PART I: 1850 - 1900

therefore, 140 households (29 per cent), ranging from a single person to a family, had to share another household's accommodation.

A local initiative established the Peeblesshire Savings Investment and Building Society in 1859 and this provided facilities for its members to either purchase or build their own house. At a meeting in 1878, it was reported that 1,794 shares were being paid up and nearly a third of these had been held since the formation of the society. It indicated a. spirit of independence and thrift.

Just as the woollen factories had brought new life to the town and the townspeople, so did the railways. Its social impact on the town was apparent from 4 July 1855, the first day the Tweed brought in its passengers. As if to reinforce its facility to open the people of the town to new experiences, on the second day the train brought Marion Thomson and Janet Brown from Fisherrow and the town heard the cry 'Caller Haddies . . . Caller Herrin' . . . Wha'll hae my Caller Cod?' They quickly sold out and there was a promise that they would return regularly. In the 1930s their successors were still keeping that promise. 'Jennie the Fishwife' carrying her heavy creel supported by a strap round her forehead, began her round by calling on her regular customers in the Northgate as they were nearest to the station. When the fish had been selected and the price had been bargained, she would clean and prepare them with a marvellous economy of strokes with her sharp gutting-knife.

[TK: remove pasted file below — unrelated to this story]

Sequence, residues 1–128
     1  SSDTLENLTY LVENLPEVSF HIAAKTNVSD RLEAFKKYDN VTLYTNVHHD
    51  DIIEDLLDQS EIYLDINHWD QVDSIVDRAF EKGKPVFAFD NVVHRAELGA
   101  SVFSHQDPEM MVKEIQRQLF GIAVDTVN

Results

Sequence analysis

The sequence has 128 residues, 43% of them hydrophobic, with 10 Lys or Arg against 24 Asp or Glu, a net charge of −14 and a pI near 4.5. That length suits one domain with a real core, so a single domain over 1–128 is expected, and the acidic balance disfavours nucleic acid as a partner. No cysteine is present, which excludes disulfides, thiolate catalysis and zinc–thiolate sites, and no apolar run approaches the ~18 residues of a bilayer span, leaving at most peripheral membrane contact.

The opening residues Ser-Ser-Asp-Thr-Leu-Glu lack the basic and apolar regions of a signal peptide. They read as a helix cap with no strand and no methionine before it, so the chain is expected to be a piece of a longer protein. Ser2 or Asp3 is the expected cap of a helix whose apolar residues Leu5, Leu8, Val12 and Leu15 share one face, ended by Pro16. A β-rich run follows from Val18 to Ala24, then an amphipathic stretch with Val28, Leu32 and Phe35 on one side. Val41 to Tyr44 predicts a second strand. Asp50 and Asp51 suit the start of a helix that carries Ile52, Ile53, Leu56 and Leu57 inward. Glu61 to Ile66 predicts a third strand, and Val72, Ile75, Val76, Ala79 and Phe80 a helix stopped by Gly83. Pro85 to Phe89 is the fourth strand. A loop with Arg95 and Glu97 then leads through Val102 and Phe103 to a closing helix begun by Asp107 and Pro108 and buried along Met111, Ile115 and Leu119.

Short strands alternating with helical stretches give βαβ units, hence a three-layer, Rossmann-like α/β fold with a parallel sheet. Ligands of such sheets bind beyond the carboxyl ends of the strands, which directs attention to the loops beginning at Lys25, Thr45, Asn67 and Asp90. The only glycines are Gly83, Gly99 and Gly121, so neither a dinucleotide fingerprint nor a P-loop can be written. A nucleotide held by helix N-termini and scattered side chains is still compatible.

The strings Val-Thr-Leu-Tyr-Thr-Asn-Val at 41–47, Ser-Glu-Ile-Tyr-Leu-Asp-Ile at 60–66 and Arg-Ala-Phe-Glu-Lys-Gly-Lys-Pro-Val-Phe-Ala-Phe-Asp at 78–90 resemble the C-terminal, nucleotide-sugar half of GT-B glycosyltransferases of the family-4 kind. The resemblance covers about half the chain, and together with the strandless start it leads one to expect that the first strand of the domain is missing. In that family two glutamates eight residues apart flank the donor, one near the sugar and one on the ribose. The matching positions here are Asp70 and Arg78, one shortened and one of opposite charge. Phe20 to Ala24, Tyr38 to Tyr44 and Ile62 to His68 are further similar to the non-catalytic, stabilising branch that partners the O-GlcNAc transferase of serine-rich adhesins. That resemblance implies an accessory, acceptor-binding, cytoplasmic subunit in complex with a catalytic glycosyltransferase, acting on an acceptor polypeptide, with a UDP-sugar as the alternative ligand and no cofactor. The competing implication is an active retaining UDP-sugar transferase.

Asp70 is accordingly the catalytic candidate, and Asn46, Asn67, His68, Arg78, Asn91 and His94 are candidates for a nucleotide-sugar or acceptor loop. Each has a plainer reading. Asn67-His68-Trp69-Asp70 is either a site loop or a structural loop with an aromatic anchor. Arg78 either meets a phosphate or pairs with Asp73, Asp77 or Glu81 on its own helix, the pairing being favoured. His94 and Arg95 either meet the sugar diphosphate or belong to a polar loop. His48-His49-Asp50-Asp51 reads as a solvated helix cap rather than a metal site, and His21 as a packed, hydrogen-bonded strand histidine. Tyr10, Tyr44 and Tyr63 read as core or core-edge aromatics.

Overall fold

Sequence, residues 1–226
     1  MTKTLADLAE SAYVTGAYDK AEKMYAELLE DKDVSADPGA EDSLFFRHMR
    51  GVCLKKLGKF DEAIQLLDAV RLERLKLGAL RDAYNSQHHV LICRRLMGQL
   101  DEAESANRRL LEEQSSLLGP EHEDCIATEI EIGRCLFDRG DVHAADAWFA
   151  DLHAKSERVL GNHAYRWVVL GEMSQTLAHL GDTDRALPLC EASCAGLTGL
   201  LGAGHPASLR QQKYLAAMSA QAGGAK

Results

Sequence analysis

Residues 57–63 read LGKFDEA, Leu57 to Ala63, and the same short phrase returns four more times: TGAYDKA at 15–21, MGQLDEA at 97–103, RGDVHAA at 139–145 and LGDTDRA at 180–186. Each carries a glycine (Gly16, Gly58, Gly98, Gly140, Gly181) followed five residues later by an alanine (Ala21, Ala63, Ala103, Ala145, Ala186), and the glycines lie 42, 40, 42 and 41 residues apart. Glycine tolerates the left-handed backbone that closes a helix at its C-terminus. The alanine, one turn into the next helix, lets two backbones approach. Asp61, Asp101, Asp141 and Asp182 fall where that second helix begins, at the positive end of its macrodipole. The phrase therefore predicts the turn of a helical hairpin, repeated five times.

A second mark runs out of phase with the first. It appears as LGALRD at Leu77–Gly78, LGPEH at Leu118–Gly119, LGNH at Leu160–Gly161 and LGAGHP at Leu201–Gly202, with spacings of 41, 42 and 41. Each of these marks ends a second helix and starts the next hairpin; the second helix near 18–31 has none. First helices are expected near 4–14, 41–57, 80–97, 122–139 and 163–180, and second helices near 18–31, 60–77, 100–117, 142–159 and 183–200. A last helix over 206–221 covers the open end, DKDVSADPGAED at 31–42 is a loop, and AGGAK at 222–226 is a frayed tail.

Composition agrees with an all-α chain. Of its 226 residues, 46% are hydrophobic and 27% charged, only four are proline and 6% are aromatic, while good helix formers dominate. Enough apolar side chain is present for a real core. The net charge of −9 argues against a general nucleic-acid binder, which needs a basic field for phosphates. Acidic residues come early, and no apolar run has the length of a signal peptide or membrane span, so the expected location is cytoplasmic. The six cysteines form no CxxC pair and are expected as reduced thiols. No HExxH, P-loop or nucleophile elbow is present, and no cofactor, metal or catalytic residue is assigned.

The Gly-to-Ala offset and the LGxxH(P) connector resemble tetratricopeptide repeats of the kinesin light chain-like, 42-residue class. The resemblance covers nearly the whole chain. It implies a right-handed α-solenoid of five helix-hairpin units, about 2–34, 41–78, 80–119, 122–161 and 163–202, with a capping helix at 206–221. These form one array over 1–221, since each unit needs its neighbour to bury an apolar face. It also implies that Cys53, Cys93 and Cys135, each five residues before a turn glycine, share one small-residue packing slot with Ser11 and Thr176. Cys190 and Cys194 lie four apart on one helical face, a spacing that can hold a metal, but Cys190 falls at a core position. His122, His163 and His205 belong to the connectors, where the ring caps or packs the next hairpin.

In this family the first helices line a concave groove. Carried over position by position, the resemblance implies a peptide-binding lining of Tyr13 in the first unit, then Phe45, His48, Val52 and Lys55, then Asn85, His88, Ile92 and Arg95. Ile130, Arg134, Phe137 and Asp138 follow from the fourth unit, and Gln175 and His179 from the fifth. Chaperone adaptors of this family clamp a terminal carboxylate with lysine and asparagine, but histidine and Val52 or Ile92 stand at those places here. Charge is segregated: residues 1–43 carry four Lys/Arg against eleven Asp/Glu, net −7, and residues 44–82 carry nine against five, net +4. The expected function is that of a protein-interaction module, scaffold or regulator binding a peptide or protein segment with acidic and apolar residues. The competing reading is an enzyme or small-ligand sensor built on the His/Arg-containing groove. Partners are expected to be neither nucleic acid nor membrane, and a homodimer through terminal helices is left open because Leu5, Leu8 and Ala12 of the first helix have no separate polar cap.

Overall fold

Back in the nineteenth century, the grocer, George Ferrier, advertised that he expected 'this day by rail a supply of Banffshire powdered butter at 1s 0½d (5p) per pound.' Nicol Dixon advertised that he had made arrangements for the railway to bring coal from the Lothian collieries. Thomas Peden, a merchant in the High Street, advertised 'marmalade oranges'.

Peebles was well-advanced in having its houses and streets lit by gas but at that time, in 1854, the town did not have a furniture shop for household items such as a chair, table or a bed. These had to be obtained from Edinburgh or ordered to be made by a local carpenter. The town did not have a hearse either; that, too, had to be hired from Edinburgh. Then, in May 1859, James Mathison of the Crown Inn advertised the availability in the town of a 'handsome new hearse'. It could be hired with one horse and a plain hearse for 6s (30p) whilst 'with plume', the charge would be increased to 7s 6d (37½p) and, if required with plume and two horses, it would cost 10s 6d (52½p).

The Revd Dr William Dalgleish, Minister of the Parish Church

 

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